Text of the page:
Seismic and Artis Group form three-way alliance
- 18 February, 2020 01:00
Hydar Al Ammar (Seismic), Karen Powell (McCorkell), Matthew Verity (Artis Group)
Sales and marketing enablement software provider Seismic, business management consultancy Artis Group and business to business (B2B) agency McCorkell have formed an alliance to address sales and marketing gaps in Australian and New Zealand businesses.
According to a statement by Seismic, the alliance brings together the provider’s sales and marketing enablement platform, Artis’ technology expertise and McCorkell’s content strategy and marketing technology (martech) consulting capabilities.
Hydar Al Ammar, strategic alliances director for Asia Pacific (APAC) at Seismic, said that the alliance would assist businesses handle the disruption of purchasing products and services by digital technology.
“When we talked to customers, it became clear that some of them had needs or challenges in earlier stages of their marketing transformation journey, such as content creation,” Al Ammar said.
“These are areas where McCorkell would be able to provide value. Likewise, they also had to deal with the complexities of integrating multiple technologies with their CRM [customer relationship management] systems, which is where Artis’ expertise comes in."
By forming an alliance across the customer value chain, according to Al Ammar, the companies can be more proactive in helping customers solve their challenges or attain their business objectives earlier in their journey and support them from start to end.
"This fosters stronger customer relationships," Al Ammar said.
Al Ammar claimed the benefits for customers of the alliance include “higher win rates, faster deal progression and greater sales efficiency, in addition to creating more engaging, personalised customer experiences".
According to Matthew Verity, head of business consulting at Artis Group, the alliance also offers what he refers to as the “final mile” in selling.
“People are being very concerned about getting data captured in the CRM software, and they're using all these reporting tools to find out how to manipulate that data, but they're not actually using it in an intelligent manner to actually drive the seller to get the best results,” he said.
“So, we've gone through putting CRM in, we've gone into putting in marketing tools and martech around email campaign management and content management. What's kind of been lost in that is how do we now effectively get the seller to use those tools in an effective manner to sell to the buyer in an effective way?
“What Sesimic offers is the ability for us to go in there and tie those systems together and say, 'We're now going to get uplisting your CRM by providing Seismic as a tool to drive you to the right content at the right time.'”
He added that Artis, via the alliance, is then able to assist customers in using Seismic’s platform in a natural way.
The alliance is currently available for large enterprises and mid-sized businesses in Australia and New Zealand with plans to expand into Asia in the future.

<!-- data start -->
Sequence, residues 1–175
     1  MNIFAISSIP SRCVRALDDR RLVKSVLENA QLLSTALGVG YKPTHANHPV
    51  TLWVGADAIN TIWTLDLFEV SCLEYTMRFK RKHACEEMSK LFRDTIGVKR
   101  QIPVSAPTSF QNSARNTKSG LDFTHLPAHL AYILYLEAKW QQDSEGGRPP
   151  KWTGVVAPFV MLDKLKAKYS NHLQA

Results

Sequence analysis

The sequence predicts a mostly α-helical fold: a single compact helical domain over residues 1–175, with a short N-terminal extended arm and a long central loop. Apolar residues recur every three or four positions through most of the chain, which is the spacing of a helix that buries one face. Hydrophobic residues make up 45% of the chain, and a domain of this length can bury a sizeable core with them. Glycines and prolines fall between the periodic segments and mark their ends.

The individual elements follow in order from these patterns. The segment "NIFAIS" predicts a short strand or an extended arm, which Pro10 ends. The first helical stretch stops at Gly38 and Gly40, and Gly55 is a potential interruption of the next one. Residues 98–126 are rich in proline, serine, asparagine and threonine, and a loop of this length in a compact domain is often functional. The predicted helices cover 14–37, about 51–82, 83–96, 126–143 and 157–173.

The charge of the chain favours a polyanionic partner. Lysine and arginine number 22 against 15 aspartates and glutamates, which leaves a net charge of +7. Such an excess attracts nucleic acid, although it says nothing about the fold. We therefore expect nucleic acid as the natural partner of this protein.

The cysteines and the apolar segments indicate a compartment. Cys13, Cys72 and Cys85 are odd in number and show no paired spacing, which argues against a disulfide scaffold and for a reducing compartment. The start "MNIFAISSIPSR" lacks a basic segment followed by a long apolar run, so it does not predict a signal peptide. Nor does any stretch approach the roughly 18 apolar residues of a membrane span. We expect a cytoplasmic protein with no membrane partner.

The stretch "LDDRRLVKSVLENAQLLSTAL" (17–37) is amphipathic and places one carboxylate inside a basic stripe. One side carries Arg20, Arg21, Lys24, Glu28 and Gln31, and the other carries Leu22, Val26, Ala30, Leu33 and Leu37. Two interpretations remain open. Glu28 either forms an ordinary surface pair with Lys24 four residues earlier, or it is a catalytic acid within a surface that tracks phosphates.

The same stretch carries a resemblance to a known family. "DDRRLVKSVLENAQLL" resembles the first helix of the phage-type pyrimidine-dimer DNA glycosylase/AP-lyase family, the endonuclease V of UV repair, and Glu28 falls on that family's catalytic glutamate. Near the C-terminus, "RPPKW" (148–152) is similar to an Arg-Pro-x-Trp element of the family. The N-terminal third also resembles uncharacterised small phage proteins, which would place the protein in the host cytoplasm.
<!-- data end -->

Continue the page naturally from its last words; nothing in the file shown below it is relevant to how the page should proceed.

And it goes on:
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The specific decision to partner with McCorkell and Artis both stem from their experience dealing with larger businesses, Al Ammar said.
“McCorkell has very strong presence in large enterprises and expertise in specific industries, while Artis’ strength is in the mid-market segment and likewise has a significant footprint in different industries that are complementary,” Al Ammar said.
“Collectively, this enables Seismic to effectively expand our reach in all the key market segments and industry verticals, on top of those segments and sectors we already cover now.”
Artis’ involvement in the alliance started approximately six months ago, when the consultancy was approached by Seismic to be a partner, according to Matthew Verity, head of business consulting at Artis Group.
“One of the things that we noted coming into this is that we bought our technology advisory and program management skills into it, but we saw that there was an extra capability that we needed in seeing the benefit of having someone like McCorkell at the table, who brings that richer set of agency and marketing skills,” Verity said.
“It became obvious very fast that the strongest position for us to go into market was actually in an alliance with Seismic, who's the best in the platform, we bring in that diligence around the program and implementation and McCorkell brings that, so it's a model where we're bringing all three parties. Everyone does their best in it.”
While these three businesses make up the alliance, the plan is for the parties to work under the one banner of the alliance rather than three separate businesses.
“What we're trying to do is avoid a situation where it's any of the parties in there. It will be managed by the group as a whole, as a single project team. So, there should be nothing in the clients' eyes that they're dealing with Artis or Seismic or McCorkell. They are dealing with us as a project team,” he said.
“There's a desire for one party to [declare], ‘Everyone fall behind us and we're going to represent under the Artis brand, or we're going to represent under this particular brand.’ Under the alliance, we're not hiding the fact that there are three of us there.
“We're bringing these three parties to the table, but from a management perspective, we're just rolling in a project team at the appropriate people.”
Verity added that Artis has restructured its workforce to take on blended teams, consisting of 50 per cent technology-based and 50 per cent accounting-based staff, but it still will maintain business outside of the alliance.
“There's no intention for any of us to change anything fundamental about our business. This is just an option for us to all function in in a very different manner,” Verity said.